Boesak Discusses Justice, Peace: Wilson Lecture Hosts Anti-Apartheid Leader

Rev. Dr. Allan Boesak speaks at the Wilson Lecture on Oct.4. Photo by Olivia Stephenson

By Devin Corbitt

Chair of the Western Cape region of the African National Conference; President of the World Alliance of Reformed Churches; founder of the United Democratic Front; and leader of South Africa’s anti-apartheid movement: these are just a few of the many accomplishments achieved throughout the life of Rev. Dr. Allan Boesak. He currently serves as an Extraordinary Professor of Public Theology at the University of Stellenbosch and chair of the Advisory Council of the Trans-Atlantic Roundtable on Religion and Race.

Boesak was invited to speak as the feature of this year’s Wilson Lecture. He delivered the morning’s chapel address, entitled “Quietly Bringing Justice.” He was introduced by Dr. Walt Herbert, Professor Emeritus of Southwestern.

“I trust you will find Allan’s message inspiring and instructive,” Herbert said. “It is an honor to welcome him to Southwestern.”

That afternoon, Boesak gave a lecture on “‘The Glory that is not Steeped in Blood’: War and Peace in a Globalized World”. His focus revolved around the causes and solutions to war in our current society.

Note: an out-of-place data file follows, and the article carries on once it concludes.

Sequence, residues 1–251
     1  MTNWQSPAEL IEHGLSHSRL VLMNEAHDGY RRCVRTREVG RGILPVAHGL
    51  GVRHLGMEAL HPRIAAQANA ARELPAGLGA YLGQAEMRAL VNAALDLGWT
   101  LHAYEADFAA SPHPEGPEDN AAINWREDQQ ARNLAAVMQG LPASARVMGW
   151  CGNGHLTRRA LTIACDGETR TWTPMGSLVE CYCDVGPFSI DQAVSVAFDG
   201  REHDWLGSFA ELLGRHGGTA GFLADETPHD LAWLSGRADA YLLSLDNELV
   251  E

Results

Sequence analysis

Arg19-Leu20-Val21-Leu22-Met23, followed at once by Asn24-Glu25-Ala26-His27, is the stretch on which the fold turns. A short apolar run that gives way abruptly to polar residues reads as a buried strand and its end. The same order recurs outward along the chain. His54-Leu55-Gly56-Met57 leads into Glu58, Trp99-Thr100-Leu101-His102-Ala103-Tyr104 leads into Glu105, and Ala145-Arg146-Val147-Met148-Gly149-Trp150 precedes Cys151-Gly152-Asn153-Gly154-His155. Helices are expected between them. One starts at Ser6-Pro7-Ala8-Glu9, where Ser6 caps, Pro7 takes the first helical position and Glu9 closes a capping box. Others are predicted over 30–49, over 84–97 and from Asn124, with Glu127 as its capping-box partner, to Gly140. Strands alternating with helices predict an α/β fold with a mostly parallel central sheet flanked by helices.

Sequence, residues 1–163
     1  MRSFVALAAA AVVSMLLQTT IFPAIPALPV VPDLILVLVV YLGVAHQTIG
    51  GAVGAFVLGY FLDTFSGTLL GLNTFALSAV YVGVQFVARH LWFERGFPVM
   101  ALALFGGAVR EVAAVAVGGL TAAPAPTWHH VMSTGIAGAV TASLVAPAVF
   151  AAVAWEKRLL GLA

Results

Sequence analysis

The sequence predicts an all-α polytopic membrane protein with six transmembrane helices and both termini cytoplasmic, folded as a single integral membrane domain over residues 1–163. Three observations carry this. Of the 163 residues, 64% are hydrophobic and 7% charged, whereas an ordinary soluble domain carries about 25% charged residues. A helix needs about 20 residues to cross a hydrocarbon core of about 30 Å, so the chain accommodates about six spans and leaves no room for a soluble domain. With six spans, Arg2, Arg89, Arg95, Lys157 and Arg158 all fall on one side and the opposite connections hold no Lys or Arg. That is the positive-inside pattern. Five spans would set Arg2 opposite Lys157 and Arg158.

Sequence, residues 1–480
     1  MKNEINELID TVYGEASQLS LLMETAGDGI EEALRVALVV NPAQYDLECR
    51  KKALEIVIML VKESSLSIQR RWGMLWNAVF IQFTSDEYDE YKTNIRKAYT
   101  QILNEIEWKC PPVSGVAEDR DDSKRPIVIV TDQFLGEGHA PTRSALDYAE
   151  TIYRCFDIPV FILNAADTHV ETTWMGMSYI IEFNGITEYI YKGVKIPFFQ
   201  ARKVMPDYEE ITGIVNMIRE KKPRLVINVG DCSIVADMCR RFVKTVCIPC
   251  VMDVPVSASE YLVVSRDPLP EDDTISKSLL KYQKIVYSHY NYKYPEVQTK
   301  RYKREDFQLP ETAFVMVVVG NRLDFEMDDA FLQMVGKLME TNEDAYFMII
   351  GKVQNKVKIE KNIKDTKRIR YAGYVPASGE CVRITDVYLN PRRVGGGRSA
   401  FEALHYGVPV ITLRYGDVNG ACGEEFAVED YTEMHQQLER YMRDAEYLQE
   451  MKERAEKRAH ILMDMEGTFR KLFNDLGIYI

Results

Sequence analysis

“The presence of war is the one enduring constant in the developing history of the human kind, it seems,” Boesak said. “E­ven as enlightened science brought us new possibilities for meaningful life such as we have never seen before, our capacity for creating death has become even more resourceful.”

Boesak rejects the notion of war being the answer to conflict, preferring instead a more peaceful approach.

“I enter this discussion as a Christian liberation theologian from the global South,” Boesak said. “The tradition I revere and try to live by is a tradition of non-violence, even in resistance. I do not believe that violence, in the long run, can offer any lasting solution.”

In keeping with his anti-apartheid views, Boesak discussed historical wars through the lens of colonialism and racism. Through this, Boesak endeavored to show that war, in its most basic form, is apt to do more harm than good.

“The exterminations of the so-called ‘lower races’ were seen as a biological, political and economic necessity. And in these wars of brutality, accountability and proportionate response, our so-called measure of strength, did not exist. From early on in modern times, colonial wars were the experimental field of extinction.”

Boesak argues that it is impossible to hide the truths of war, especially in an era so rich in technology.The only solution, in his opinion, is to end war altogether and move toward a peaceful state in which equality reigns.

“In a globalized world, it is no longer possible to fully hide the consequences of war,” Boesak said. “We must, in communities and within and among nations, continue to encourage the search for non-violent solutions to vexing problems. All you have to do is to bring justice, even quietly.”
Boesak’s visit was sponsored by the Departments of History, Political Science, and Religion; the International Studies Program; the Golabal Citizens Fund; the Slover Fund and the Wilson Lectureship.

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